enrollment, recruitment and financial
aid, which suggests the University
will have to increase financial aid for
minority students in order to main-
tain and reach projected levels of mi-
nority enrollment.
The report was written by Niara
Sudarkasa, the former associate vice
president for Academic Affairs. Su-

darkasa is now president of Lincoln
University in Pennsylvania.
When sufficient support is not
available, the paper said, even the
best students can be forced to leave
the University for lower-priced
community colleges.
The report pointed out several
shortcomings in the financial aid
process which prevent more accurate
evaluations of applicants' situations.
Few of these shortcomings have
been addressed since the report was
compiled five years ago.
For example, in cases where a
family's income level has recently
risen, the previous level is not taken
into consideration. A family which
has seen a given earning level for 20

years is treated the same as a family
which has been at that level for two
years.
"I really don't think they take
things into account that are put on
the application," said LSA senior
David Maurrasse, a financial aid re-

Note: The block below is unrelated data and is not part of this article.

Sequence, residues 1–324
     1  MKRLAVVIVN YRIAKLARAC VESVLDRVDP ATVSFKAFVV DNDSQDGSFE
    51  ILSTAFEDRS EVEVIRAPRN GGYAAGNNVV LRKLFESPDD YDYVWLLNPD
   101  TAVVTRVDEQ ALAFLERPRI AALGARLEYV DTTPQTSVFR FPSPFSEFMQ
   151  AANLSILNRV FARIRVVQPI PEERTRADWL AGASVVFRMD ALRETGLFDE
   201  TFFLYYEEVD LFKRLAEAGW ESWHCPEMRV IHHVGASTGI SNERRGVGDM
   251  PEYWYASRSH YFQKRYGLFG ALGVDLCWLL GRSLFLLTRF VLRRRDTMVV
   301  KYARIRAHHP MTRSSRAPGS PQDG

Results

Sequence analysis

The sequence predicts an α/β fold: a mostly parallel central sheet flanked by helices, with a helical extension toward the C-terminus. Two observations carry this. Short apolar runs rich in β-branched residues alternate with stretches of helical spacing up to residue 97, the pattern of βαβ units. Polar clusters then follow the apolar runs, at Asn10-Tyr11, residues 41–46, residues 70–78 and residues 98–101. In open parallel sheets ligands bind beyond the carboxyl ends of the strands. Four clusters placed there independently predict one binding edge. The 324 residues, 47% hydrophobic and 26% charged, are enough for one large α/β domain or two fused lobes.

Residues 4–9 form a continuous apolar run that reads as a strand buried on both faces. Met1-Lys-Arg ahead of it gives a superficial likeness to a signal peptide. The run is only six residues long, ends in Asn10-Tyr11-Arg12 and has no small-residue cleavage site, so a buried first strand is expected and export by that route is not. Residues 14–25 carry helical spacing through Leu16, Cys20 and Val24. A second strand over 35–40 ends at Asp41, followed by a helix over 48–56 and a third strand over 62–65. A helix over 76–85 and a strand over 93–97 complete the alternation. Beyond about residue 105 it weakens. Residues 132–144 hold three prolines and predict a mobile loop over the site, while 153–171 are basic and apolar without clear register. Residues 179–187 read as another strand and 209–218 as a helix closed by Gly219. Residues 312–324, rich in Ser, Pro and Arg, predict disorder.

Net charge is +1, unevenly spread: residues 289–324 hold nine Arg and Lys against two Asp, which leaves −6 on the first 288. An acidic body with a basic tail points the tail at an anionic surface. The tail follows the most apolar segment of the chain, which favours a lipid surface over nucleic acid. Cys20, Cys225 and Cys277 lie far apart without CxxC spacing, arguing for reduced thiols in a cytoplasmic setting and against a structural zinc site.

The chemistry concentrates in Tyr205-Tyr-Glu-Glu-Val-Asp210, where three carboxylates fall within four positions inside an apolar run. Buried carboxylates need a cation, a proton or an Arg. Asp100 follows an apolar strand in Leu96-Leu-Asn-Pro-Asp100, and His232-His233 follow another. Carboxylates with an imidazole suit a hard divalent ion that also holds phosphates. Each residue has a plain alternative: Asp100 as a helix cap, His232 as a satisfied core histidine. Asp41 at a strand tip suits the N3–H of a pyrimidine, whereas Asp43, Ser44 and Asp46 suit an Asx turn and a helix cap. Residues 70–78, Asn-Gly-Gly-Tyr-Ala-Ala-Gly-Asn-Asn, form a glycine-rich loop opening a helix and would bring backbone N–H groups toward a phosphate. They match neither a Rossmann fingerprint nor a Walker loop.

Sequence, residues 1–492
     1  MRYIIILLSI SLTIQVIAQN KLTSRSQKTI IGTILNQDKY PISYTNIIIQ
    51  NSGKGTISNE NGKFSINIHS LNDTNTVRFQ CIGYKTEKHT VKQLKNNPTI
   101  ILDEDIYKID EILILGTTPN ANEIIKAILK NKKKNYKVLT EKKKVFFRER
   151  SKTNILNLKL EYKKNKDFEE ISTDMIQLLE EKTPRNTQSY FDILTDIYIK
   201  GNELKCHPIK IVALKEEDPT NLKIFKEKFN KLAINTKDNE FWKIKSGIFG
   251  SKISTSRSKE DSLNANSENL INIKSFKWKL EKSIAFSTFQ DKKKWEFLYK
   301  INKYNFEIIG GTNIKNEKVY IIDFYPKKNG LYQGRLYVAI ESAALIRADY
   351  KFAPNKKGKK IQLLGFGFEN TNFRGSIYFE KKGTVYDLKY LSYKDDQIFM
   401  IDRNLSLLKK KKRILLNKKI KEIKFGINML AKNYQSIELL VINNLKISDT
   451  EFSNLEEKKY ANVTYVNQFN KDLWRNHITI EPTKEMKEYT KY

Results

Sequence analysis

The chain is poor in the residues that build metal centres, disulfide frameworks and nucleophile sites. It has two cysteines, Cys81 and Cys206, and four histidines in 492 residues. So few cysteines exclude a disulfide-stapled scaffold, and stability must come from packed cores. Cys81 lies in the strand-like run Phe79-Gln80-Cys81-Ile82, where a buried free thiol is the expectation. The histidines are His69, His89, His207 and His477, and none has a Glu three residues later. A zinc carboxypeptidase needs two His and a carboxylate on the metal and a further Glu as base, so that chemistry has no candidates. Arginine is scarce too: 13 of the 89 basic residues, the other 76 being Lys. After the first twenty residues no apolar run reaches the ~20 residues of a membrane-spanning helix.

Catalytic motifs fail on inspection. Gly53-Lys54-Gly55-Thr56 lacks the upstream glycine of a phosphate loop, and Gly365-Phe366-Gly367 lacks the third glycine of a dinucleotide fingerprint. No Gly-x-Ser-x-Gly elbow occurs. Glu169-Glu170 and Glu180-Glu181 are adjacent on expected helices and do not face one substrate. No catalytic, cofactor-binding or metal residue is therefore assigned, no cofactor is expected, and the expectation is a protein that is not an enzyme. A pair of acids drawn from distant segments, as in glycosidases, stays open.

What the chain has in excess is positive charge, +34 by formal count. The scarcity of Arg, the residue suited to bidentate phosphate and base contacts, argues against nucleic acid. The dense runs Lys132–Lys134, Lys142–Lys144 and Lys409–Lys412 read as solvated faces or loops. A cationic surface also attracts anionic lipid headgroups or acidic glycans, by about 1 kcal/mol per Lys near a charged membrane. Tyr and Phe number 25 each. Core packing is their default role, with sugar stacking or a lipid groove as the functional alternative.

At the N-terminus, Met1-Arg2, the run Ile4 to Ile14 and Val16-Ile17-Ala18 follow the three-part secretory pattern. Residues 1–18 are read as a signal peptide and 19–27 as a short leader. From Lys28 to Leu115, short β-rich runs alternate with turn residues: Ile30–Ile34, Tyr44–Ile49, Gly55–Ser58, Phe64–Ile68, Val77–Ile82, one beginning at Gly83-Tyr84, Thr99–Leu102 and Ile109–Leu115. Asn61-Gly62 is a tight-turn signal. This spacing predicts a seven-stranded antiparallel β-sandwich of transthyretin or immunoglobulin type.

cipient. "They just look at things on
the surface."
Maurrasse said that since he has
been at the University, the makeup
of his financial aid package has con-
tinued to change. He said he found
himself receiving "less money but
more loans and work study instead of
grants. I complained, and they gave
me more loans, which puts me in
debt."
The analysis used by the gov-

ernment to determine eligibility for
federal aid is used at the University
in determining eligibility for institu-
tional aid. The formula used does not
take individual circumstances into
consideration.
Robert Douglas, student advisor
for the Comprehensive Studies Pro-
gram (CSP), said CSP recently con-
ducted a phone survey to determine
how many of the minority students
admitted into the University would
actually attend.
"A significant percentage who
were not coming to the University
decided to go to other places because
they got better scholarships and fi-
nancial aid packages," Douglas said.
The Opportunity Program, which
was combined with CSP, is a finan-

cial aid program targeted toward mi-
nority students. Changes made in
1980 to the Opportunity Program
were cited as having contributing to
the enrollment decline of Black stu-
dents. In 1980-81, the program,
which is a main source of funding
for minority students, ceased to pro-
vide a gift aid maximum equal to the
cost of attending the University.
Financial Aid's response to Su-
darkasa's report said the intent of
this change was to enable Opportu-
nity Program students, particularly
those who did not have time to
work, to acquire job experience
through work study. In fact, how-
ever, the loan or parental contribu-

tion to the Program's financial aid
package often had to increase.
The report also recommended is-
suing additional information
brochures to address the concerns of
minority students and emphasize the
aid that is available. For example,
current financial aid brochures fail to
mention a four-year scholarship of-
fered to in-state students who qualify